Health inequalities in Scotland are significant. There are two key measures that demonstrate this – life expectancy, a measure of how long we can expect to live and healthy life expectancy, which tells us how many of those years are expected to be in good health.

The length of our lives

Scotland has the lowest life expectancy at birth of any nation in the UK. It is 76.5 years for men and 80.7 for women (2020-22). In Scotland as across the UK, life expectancy has decreased over the last year – primarily due to the Covid-19 pandemic.

But this is an average across the nation. Female life expectancy at birth in East Renfrewshire and East Dunbartonshire is 79.9 years, but in Glasgow City it is 78.2 – a gap of almost six years. Male life expectancy is highest in the Shetland Islands, at 80.6, and lowest also in Glasgow City, where it is 73.9. This seven and a half-year gap reflects a gap in quality of life.

Life expectancy varies hugely depending on how disadvantaged an area is. Disadvantage is measured by Indices of Multiple Deprivation (IMD). These are official measures of relative deprivation for small areas. The Scottish Indices of Multiple Deprivation ranks every part of Scotland into a relative measure, based upon income, employment, education, health, access to services, crime and housing.

In the most-disadvantaged ten percent of Scotland, men have a life expectancy of 68.6. In the least-disadvantaged, male life expectancy is 82.3 – a gap of 13.7 years of life.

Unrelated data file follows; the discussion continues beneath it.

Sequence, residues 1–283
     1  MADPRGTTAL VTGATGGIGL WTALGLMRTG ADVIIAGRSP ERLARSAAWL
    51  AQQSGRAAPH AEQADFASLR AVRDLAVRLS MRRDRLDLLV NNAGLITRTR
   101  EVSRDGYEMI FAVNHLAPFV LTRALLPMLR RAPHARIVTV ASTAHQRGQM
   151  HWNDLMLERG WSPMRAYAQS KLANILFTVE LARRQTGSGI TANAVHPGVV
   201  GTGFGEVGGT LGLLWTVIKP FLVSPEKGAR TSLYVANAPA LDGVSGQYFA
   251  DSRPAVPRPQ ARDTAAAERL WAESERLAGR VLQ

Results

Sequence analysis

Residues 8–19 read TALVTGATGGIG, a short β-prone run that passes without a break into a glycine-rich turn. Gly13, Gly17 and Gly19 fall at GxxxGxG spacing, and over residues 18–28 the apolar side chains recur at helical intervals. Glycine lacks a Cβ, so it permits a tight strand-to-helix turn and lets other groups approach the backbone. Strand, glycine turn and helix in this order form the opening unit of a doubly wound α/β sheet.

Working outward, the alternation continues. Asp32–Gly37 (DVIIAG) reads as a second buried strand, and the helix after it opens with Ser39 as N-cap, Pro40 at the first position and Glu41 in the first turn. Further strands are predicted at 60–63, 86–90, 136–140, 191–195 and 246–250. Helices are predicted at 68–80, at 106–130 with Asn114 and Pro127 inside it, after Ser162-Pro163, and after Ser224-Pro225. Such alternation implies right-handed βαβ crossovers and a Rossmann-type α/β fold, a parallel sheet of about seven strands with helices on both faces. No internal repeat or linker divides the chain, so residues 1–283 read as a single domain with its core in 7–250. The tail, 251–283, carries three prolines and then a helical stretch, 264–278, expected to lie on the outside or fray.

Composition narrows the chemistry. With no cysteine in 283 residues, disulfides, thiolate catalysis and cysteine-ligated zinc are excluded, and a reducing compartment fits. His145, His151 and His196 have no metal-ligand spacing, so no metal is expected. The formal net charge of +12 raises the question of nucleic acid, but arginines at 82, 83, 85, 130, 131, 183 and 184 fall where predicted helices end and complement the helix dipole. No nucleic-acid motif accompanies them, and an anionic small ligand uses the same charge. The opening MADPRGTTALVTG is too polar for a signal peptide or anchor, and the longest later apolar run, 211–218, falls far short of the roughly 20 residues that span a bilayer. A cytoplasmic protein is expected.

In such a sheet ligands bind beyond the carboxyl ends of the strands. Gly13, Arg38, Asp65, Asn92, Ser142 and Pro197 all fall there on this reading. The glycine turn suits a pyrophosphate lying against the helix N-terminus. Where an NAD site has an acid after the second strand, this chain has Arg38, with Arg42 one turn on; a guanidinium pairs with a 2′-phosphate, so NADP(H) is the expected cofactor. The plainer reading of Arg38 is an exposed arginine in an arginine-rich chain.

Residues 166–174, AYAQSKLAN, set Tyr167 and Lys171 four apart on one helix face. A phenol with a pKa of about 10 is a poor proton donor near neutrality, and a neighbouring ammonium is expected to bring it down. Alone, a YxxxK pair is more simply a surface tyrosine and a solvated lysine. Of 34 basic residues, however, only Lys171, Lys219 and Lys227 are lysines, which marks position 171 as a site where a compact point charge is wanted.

For women, life expectancy in the most disadvantaged ten percent of neighbourhoods in Scotland is 75.0, but for the least disadvantaged it is 85.5. This, too, is a gap of more than ten years – and demonstrates the fact that good access to a decent income, better employment, a good education, better access to services and decent housing makes a serious difference to how long we live.

Life expectancy in Scotland

The quality of our health

It makes a difference to the quality of our health, too. Healthy Life Expectancy (HLE) is an estimate of the number of years we live in good or very good general health.

For women in the least disadvantaged parts of Scotland, their healthy life expectancy is 72.3. But in the most disadvantaged ten percent of Scotland, it is only 47.4. This is a difference of 24.9 years. Female healthy life expectancy in the least disadvantaged parts of Scotland is almost as long as the total life expectancy for women in the most disadvantaged neighbourhoods in Scotland.

The same is true for Scottish men. Healthy life expectancy for men born in the most disadvantaged neighbourhoods in Scotland is just 44.9 years, compared with 71 in the least. This is a gap of 26.1 years – over a quarter of a century. It reinforces just how important these social and economic factors like jobs and housing are in our lives.


National Records of Scotland, Life expectancy in Scotland, 2019 - 2021, and Healthy life expectancy in Scotland, 2019-2021 (2022).

Housing and Social Justice Directorate, Scottish government, Scottish Index of Multiple Deprivation 2020 (2020).